Edmund White Weidenfeld & Nicolson, 149pp, £12.99
It's hard to imagine Marcel Proust in a cottaging situation. For one thing, he would have found it too cold. A man who wore three overcoats when dining at the Ritz would not have adapted readily to the rigours of convenience cruising. I think public toilets are mentioned only once in A la recherche du temps perdu: a few pages into volume two, the teenage narrator accompanies his servant into a "little pavilion". Once inside, the "cool, fusty smell" triggers an involuntary memory - a "pleasure of a different kind from other pleasures" - the genesis of which is as innocent as the dawn. Although he can't decipher it immediately, the narrator later discovers that the smell in the toilet reminds him of his Uncle Adolphe's room in the house he stayed in during his childhood.
Which just goes to prove that writers, unlike pop stars, can amuse themselves in lavatories without tossing off in front of strangers. On the other hand, for people who wish to reclaim Proust as a gay writer, the evidence is certainly there. A notorious mother's boy, Marcel would whine and whimper if she so much as left the room. At 21 he defined his principal trait as "the need to be loved, or more precisely, the need to be caressed and spoiled rather than the need to be admired".
Add to this the love of flowers, the martyr-to-my-art hypochondria, the penchant for young men - and the case seems pretty well established. So why would Proust go out of his way to deny it? Was it just the manners of the time, or was there something else behind his decision to fight a duel with a man who accused him of being comme ca?
As a piece of literary outing, Proust is as gentle and civilised as a stroll in the Bois de Boulogne. The book - the first publication of the Weidenfeld and Nicolson "Lives" series - is both an admirable short introduction to the writer's life and work and a serious discussion of how the creation of A la recherche was informed by its author's sexuality. We are introduced to the male blueprints for some of the female characters - Proust's lovers, White suggests, gained immortality as the male narrator's female love interests. Albertine, for example, is a composite of Agostinelli, Proust's chauffeur.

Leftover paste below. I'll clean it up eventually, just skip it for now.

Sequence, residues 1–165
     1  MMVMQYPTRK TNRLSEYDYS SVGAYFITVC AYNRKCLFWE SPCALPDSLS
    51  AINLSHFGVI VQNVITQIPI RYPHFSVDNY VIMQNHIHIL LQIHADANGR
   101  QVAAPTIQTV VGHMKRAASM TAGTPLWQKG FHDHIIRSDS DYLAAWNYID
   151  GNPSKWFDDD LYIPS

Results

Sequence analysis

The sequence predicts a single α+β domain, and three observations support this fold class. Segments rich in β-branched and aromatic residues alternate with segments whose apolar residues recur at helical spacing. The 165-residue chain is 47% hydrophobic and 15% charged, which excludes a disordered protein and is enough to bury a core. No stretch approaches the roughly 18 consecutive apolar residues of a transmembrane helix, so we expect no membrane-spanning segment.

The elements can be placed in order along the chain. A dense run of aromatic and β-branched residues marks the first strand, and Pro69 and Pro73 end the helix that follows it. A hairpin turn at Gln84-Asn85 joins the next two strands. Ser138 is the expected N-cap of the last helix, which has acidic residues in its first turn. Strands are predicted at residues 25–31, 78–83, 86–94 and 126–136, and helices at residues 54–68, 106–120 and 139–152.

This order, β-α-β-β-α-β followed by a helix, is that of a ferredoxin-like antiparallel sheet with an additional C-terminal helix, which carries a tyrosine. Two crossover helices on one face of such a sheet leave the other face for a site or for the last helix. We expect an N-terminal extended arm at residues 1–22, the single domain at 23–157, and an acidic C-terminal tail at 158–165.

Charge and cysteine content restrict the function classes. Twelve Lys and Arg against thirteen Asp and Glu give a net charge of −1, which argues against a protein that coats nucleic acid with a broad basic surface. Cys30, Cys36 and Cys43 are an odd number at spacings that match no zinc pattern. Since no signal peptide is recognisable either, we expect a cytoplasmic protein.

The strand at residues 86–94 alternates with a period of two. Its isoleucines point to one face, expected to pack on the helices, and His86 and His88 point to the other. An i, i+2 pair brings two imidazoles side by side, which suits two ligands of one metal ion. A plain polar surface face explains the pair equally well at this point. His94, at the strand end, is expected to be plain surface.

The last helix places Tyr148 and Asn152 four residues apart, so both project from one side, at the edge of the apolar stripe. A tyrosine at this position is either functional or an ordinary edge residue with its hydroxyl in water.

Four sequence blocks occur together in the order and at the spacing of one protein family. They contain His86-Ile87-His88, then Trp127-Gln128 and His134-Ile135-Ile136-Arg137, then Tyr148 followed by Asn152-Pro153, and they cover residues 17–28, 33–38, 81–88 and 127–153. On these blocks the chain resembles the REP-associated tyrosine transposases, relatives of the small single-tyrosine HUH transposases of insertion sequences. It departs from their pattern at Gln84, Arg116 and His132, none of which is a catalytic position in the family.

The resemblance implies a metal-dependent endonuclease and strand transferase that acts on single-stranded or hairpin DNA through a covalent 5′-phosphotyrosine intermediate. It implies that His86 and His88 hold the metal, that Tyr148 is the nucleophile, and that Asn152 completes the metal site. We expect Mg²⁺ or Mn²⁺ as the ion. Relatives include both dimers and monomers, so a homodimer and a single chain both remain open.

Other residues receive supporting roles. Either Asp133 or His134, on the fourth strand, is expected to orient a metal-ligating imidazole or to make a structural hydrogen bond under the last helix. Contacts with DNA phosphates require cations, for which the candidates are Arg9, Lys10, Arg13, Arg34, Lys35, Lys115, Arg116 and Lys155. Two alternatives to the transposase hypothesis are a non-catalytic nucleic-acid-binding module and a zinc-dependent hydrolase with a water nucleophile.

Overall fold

Whatever the wisdom of this approach, there's an element of bathos in the unmasking of Proust's creations. You don't have to believe, as Proust himself did, that a writer's biography is irrelevant to find the reduction of A la recherche to a gay journal rather depressing. It is, perhaps, no reflection on White that his version of a gay Proust seems banal. When you're dealing with a writer who sought to liberate the world from "the bondage of habitual appearances", a perfectly good gay reading can look like an attempt to reverse this literary alchemy - converting the book back into these base materials. As a man who knew, above all, that true understanding means refusing to be content with the way the world tries to explain itself, Proust would have had no more time for the discourse of gay lit crit than he did for the cliched language of M Norpois' newspaper columns.
Perhaps this explains his reluctance to embrace his own "gay identity". White tells us that "at the same time as Proust was eager to make love to other men, he was equally determined to avoid the label homosexual". Judging Proust by the modern standard - good gays as the ones who declare themselves and bad gays those who shun the label - White accuses his subject of "secretiveness". This is amplified to "closetedness" with the clear implication that Proust's failure to advertise the "truth" about his sexuality was a sign of moral cowardice.
But maybe Proust had perfectly respectable reasons for refusing to wear the T-shirt. If Edmund White is right and Proust was open about his liaisons with the people in his immediate orbit, he clearly didn't mind them knowing he was having sex with men. Nevertheless, he would no more have credited the reality of "gay identity" than reduced his complex characters to ciphers of political intent. In Proust, there are no such limits. Love exceeds its objects, characters exceed their social settings, experience exceeds understanding. If this means he was living (and writing) a lie, it's hard to explain why his one great work looks so much like the truth.
Charlotte Raven writes a column in the "Guardian"